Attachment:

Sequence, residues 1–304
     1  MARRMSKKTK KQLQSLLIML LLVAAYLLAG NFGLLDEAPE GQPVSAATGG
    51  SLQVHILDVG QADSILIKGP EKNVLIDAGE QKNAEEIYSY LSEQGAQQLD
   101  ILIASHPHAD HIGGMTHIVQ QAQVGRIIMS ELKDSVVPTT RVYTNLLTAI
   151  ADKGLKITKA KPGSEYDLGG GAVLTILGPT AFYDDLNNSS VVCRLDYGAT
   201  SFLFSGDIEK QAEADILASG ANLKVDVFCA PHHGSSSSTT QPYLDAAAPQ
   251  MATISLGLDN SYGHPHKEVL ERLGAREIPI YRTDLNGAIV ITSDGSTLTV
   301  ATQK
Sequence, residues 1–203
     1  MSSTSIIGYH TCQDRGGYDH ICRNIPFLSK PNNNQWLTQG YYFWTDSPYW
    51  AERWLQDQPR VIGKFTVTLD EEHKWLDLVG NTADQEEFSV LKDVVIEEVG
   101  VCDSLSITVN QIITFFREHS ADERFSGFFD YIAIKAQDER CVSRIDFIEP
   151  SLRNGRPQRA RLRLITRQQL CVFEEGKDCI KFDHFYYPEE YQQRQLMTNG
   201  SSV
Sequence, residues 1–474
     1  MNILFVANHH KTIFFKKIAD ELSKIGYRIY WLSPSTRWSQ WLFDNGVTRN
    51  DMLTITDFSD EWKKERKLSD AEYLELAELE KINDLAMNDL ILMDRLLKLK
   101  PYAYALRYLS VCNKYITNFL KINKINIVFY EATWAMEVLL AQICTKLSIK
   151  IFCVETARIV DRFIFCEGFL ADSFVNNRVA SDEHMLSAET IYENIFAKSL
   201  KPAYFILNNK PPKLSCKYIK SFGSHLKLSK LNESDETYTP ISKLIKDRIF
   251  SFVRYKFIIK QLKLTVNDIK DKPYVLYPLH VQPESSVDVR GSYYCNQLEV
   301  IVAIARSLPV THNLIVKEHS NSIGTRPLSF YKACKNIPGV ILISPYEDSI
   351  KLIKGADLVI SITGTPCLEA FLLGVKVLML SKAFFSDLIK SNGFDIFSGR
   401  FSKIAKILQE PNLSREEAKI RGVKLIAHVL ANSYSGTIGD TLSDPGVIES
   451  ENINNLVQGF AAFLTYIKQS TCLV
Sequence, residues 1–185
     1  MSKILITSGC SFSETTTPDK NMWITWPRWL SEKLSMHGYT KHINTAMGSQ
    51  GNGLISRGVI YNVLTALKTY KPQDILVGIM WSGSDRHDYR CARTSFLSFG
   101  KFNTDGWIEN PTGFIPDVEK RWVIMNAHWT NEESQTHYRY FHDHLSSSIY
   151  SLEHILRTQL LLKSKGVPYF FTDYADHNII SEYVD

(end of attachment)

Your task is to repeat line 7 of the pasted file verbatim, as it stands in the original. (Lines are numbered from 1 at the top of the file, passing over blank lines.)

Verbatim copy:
   251  MATISLGLDN SYGHPHKEVL ERLGAREIPI YRTDLNGAIV ITSDGSTLTV